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The duo recital ought to be all gain. The audience gets two singers for the price of one. The singers can play complementary personalities. Everyone gets the chance to hear a repertoire that is as rich as it is neglected.
That was how it seemed on Monday as the soprano Kate Royal and mezzo Christine Rice began their morning recital at the Edinburgh International Festival. Both are sufficiently well known to pull a discerning crowd, but each retains the bloom of youth – as if Fiordiligi and Dorabella had somehow reached early maturity.
Unlike the two sisters in Così fan tutte Royal and Rice know how to harmonise their endeavours: the striking feature of this recital was their intuitive dovetailing of vocal lines, for which Roger Vignoles at the piano must take equal credit. Nowhere was this more obvious than in Gounod’s “D’un coeur qui t’aime”, the seductive cantilena of which lets each voice set out its stall in a mood of religious contemplation before gently commingling, an apt metaphor for the barely suppressed amorousness of Racine’s poetry.
In a selection from Dvorák’s Moravian Duets, by contrast, it was the way each singer provided a foil for the other that gave the music its bite, Royal’s palpitating heart contrasting with Rice’s quieter passion. As in Mendelssohn’s “On Wings of Song”, defined by Royal’s aristocratic line and Rice’s dark colouring, their performance told us why these were the pop songs of their day.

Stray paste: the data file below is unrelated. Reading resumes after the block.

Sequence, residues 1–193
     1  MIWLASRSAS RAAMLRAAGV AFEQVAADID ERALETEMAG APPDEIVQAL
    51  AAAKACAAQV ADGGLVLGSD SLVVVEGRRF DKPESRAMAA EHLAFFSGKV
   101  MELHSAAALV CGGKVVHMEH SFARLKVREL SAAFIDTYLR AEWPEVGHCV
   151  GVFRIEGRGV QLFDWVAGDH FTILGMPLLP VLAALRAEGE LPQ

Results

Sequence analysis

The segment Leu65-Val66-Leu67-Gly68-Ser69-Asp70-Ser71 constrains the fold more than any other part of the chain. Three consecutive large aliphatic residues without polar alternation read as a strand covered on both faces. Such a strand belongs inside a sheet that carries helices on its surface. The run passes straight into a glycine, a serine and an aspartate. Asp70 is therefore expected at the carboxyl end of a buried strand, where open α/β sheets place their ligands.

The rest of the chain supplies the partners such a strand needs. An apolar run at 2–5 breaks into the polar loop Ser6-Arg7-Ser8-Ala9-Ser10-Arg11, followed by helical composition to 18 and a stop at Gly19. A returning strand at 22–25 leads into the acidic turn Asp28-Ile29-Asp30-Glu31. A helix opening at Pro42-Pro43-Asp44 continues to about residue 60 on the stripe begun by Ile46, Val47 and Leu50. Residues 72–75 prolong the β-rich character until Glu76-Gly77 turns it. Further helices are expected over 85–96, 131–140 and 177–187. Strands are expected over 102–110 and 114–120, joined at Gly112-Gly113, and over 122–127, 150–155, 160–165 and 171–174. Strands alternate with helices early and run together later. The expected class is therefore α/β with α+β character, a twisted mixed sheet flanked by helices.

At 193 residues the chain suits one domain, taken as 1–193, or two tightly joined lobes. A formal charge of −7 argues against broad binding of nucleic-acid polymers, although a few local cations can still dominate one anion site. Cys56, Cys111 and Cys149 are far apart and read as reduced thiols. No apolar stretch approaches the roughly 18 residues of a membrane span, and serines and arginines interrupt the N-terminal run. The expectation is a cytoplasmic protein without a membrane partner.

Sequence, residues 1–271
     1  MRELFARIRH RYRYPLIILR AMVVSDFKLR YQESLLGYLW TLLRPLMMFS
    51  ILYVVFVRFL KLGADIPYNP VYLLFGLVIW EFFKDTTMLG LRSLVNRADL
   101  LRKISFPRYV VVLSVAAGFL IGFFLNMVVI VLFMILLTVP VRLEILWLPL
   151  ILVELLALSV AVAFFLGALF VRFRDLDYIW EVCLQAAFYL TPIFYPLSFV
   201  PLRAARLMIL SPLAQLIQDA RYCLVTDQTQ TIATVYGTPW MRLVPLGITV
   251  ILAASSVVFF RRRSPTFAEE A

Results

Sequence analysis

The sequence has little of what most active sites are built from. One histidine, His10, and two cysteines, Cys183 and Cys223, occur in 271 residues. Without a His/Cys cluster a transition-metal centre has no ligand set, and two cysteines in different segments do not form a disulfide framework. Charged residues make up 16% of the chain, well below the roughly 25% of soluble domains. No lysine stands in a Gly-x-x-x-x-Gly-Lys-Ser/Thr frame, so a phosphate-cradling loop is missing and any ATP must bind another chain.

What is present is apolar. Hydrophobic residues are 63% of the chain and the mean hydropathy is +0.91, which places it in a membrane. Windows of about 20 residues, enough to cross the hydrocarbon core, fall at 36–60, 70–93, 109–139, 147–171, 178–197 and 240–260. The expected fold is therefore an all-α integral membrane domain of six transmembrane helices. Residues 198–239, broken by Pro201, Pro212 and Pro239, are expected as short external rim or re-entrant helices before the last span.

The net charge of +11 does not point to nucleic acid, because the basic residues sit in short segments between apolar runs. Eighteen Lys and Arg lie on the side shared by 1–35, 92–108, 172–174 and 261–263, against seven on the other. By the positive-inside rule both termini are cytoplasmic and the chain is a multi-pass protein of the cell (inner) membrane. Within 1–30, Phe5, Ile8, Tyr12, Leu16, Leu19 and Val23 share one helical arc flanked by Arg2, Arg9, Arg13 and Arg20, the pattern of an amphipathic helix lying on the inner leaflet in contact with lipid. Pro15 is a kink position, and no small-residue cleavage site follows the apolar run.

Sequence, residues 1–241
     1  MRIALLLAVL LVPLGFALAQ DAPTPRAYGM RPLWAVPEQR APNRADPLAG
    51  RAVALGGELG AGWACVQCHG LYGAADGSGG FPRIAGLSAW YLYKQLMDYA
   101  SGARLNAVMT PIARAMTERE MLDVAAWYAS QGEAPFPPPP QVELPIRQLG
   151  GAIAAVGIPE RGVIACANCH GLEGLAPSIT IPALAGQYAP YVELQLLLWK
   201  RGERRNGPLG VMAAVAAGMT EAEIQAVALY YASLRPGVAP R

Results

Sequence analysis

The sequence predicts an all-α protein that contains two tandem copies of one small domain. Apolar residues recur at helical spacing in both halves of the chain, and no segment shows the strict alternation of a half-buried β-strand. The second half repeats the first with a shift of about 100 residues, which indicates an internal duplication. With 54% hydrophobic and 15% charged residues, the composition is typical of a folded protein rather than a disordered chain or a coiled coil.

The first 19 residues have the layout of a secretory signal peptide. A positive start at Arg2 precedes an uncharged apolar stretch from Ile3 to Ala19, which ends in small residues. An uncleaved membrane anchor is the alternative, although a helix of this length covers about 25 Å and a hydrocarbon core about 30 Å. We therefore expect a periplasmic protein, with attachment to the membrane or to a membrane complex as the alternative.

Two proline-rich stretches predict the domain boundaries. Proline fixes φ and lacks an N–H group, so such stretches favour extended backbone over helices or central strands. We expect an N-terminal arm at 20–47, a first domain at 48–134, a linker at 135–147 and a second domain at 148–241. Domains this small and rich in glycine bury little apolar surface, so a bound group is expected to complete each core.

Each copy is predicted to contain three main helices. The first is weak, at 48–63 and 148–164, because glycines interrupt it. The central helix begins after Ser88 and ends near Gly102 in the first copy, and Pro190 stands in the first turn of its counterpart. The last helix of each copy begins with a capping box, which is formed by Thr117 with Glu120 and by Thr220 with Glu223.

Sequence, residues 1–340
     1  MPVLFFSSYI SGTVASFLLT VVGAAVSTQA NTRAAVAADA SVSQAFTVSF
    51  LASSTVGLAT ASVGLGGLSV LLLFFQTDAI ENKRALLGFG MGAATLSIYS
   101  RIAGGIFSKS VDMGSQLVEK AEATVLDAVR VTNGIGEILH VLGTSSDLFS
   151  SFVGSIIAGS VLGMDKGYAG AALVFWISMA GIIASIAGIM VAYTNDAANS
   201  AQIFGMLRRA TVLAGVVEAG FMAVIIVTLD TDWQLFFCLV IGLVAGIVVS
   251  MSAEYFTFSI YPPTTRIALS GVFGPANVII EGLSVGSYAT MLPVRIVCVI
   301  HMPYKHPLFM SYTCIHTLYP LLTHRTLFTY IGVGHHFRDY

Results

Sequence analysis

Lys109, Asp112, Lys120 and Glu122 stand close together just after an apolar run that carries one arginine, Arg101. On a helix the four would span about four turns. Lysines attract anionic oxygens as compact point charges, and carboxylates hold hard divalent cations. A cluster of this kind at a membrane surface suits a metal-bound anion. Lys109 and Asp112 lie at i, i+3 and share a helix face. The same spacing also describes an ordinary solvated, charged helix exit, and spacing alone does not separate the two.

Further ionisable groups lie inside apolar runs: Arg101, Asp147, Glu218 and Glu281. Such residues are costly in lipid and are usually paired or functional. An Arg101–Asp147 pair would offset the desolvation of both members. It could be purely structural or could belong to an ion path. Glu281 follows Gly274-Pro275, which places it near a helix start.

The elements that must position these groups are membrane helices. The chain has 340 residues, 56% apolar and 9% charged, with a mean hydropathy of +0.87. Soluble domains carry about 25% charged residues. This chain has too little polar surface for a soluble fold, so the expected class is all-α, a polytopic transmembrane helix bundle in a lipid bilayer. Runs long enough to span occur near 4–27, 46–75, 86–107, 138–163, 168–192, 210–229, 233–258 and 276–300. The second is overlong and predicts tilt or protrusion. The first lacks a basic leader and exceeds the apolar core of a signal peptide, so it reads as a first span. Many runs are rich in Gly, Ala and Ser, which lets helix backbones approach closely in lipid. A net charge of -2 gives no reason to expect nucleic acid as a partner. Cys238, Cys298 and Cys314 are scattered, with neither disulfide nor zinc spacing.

As the recital went on, however, it became clear that, rather than striking sparks off one another, each singer was sublimating a degree of individuality. Only in their solo selections did the shackles begin to fall – less obviously in Rice’s Brahms Zigeunerlieder, the radiant glow of “Rote Abendwolken” clouded elsewhere by over-generalised sentiment and a refusal to let the voice lean into the gypsy melody.
Royal has star quality – manifested not just in a disarming smile but her ability to express uninhibited emotion through the hyper-disciplined medium of a melodic arc. Brahms’s “Die Mainacht” could have been written for her ecstatic top register: under the naked spotlight of the recital hall Royal seems uniquely qualified to express the positivity of life.